Topographically and climatically, this is the more tranquil part of the island. The beaches are more accessible, and the winds blow less -- as a result, tourism has taken a firmer foothold here than in the north. Santo Tomás, Cala Galdana, Platges de Son Bou, Cala Bosch, and Punta Prima are some of the focal points for travelers.

Es Mercadal, a town of several thousand inhabitants at the foot of Monte Toro, is an ensemble of white houses with grace notes of color. Among its claims to local fame are two types of almond confectionery -- carquinyols (small, hard cookies) and amargos (a kind of macaroon). The place to get both is Pastelería Villalonga Ca's Sucrer, Plaça Constitució 11, Es Mercadal (tel. 97-137-51-75), open Tuesday to Saturday 9:30am to 1:30pm and 5 to 8:30pm, and Sunday 11am to 2pm.

From Es Mercadal, you can take a road 4km (2 1/2 miles) up to Monte Toro, the island's tallest mountain at 355m (1,164 ft.), crowned with a sanctuary that is a place of pilgrimage for Minorcans. The winding road leads to a panoramic view of the island's rolling green countryside dotted with fincas, trim fields, and stands of trees. From this vantage point you can clearly see the contrast between the flatter southern part of the island and the hilly northern region. The hilltop sanctuary includes a small, simple church with an ornate gilded altar displaying the image (reportedly found nearby in 1290) of the Virgin Mare de Déu d'el Toro, the island's patron saint. In 1936 the church was destroyed by fire, but the statue was saved from the flames and a new church built. The church is open daily from early morning to sunset; admission is free. In the courtyard of the sanctuary is a bronze monument to those Minorcans who left in the 18th century, while the island was still a British colony, to colonize Spanish settlements in North America. The large statue of Christ commemorates the dead in the Spanish Civil War. There is a snack bar with a pleasant terrace here.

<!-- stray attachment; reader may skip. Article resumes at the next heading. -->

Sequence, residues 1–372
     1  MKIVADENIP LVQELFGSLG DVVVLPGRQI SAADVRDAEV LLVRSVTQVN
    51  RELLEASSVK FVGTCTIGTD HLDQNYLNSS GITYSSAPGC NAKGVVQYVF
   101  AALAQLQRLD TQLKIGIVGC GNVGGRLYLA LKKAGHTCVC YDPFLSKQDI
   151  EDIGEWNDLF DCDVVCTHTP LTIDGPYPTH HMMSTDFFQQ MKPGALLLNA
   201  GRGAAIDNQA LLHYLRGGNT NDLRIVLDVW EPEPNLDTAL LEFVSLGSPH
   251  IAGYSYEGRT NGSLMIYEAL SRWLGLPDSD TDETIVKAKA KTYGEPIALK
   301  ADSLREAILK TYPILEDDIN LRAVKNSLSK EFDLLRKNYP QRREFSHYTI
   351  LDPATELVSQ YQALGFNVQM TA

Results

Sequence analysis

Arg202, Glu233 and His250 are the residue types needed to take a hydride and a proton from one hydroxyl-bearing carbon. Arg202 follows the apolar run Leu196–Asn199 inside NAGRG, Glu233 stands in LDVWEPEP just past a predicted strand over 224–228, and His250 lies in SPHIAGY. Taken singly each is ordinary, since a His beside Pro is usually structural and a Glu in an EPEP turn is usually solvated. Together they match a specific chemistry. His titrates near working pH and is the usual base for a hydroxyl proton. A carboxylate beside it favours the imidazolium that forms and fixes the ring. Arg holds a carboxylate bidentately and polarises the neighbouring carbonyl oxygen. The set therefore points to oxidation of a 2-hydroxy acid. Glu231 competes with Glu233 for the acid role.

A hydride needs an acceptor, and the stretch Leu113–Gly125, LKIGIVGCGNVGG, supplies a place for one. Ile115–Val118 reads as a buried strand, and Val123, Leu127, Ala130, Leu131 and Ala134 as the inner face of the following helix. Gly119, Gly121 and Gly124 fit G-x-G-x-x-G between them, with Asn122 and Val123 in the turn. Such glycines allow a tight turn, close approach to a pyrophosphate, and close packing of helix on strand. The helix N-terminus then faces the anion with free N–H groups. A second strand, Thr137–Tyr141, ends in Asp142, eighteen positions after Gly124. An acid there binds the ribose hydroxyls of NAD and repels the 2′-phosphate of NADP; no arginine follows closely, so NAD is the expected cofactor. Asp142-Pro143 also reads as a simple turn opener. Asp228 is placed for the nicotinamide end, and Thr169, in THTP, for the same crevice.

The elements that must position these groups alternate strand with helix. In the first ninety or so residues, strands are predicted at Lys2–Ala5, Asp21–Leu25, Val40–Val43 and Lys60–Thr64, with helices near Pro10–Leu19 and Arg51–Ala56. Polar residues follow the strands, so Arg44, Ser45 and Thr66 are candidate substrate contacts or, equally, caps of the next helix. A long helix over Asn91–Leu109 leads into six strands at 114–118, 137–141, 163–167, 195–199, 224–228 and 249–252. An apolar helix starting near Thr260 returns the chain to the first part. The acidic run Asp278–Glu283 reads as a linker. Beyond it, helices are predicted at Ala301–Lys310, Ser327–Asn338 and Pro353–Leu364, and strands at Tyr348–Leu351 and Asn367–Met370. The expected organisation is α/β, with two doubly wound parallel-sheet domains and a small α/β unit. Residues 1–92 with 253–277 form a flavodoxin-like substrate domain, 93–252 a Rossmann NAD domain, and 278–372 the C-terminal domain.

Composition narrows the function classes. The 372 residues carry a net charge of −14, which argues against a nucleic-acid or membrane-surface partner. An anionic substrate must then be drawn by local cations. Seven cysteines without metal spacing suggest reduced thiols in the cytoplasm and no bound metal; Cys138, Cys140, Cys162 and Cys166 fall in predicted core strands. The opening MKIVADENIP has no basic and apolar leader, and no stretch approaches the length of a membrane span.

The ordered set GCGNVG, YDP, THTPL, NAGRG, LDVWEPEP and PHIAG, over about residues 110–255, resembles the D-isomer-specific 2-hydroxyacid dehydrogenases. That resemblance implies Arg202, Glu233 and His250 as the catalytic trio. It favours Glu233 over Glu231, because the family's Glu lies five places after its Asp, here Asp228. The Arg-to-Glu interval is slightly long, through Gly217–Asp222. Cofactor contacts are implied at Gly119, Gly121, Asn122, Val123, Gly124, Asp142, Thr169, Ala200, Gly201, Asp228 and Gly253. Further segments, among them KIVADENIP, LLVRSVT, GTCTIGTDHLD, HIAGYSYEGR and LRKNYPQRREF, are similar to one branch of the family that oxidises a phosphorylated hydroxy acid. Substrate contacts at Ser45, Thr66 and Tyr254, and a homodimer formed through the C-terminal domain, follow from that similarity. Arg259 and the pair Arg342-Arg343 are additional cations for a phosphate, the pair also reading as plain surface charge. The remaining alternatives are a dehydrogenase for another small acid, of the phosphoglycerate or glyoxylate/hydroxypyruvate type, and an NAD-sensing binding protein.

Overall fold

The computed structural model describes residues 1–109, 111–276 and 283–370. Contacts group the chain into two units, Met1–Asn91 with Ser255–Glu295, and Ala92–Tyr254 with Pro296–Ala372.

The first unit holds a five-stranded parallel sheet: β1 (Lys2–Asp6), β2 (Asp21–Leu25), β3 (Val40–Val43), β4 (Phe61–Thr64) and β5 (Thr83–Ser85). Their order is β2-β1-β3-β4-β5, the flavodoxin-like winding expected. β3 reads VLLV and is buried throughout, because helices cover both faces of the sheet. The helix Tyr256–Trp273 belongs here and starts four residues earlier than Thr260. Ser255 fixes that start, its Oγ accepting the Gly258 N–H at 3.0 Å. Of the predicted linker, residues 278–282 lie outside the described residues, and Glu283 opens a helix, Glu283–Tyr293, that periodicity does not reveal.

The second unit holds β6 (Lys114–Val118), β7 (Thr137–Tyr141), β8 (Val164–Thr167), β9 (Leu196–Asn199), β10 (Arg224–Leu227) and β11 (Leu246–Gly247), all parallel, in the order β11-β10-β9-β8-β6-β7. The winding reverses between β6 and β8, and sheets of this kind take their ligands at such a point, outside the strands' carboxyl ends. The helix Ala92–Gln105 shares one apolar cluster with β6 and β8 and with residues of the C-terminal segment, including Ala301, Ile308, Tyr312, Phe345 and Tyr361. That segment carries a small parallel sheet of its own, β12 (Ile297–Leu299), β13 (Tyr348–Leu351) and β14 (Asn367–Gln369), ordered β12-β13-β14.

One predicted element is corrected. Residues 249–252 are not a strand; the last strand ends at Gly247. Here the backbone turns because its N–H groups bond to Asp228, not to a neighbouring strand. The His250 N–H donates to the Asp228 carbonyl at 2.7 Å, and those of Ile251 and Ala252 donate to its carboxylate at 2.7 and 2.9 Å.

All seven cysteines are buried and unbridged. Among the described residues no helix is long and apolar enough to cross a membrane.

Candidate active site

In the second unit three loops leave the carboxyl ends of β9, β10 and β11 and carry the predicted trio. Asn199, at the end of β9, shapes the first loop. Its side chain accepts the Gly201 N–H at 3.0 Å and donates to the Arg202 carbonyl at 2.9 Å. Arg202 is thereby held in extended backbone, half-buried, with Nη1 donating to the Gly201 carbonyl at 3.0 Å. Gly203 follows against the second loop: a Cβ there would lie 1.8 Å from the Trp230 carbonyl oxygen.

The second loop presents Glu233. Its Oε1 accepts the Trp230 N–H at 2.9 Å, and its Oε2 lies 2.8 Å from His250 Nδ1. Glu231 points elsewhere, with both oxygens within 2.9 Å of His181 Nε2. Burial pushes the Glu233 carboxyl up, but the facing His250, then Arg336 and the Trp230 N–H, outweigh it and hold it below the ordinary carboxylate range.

Platges de Son Bou is a stunning beach scarred by two outsize hotels. Although still enchanting, the 1.6km-long (1-mile) narrow beach and clear turquoise waters are now often crowded, even in the off season; in July and August they're best avoided. At the eastern end of the beach just beyond the two monster hotels are the ruins of a Paleo-Christian basilica, most probably dating from the 5th or 6th century. Visible in the cliffs beyond are cave dwellings, some of which appear quite prosperous, with painted facades and shades to keep out the noonday sun.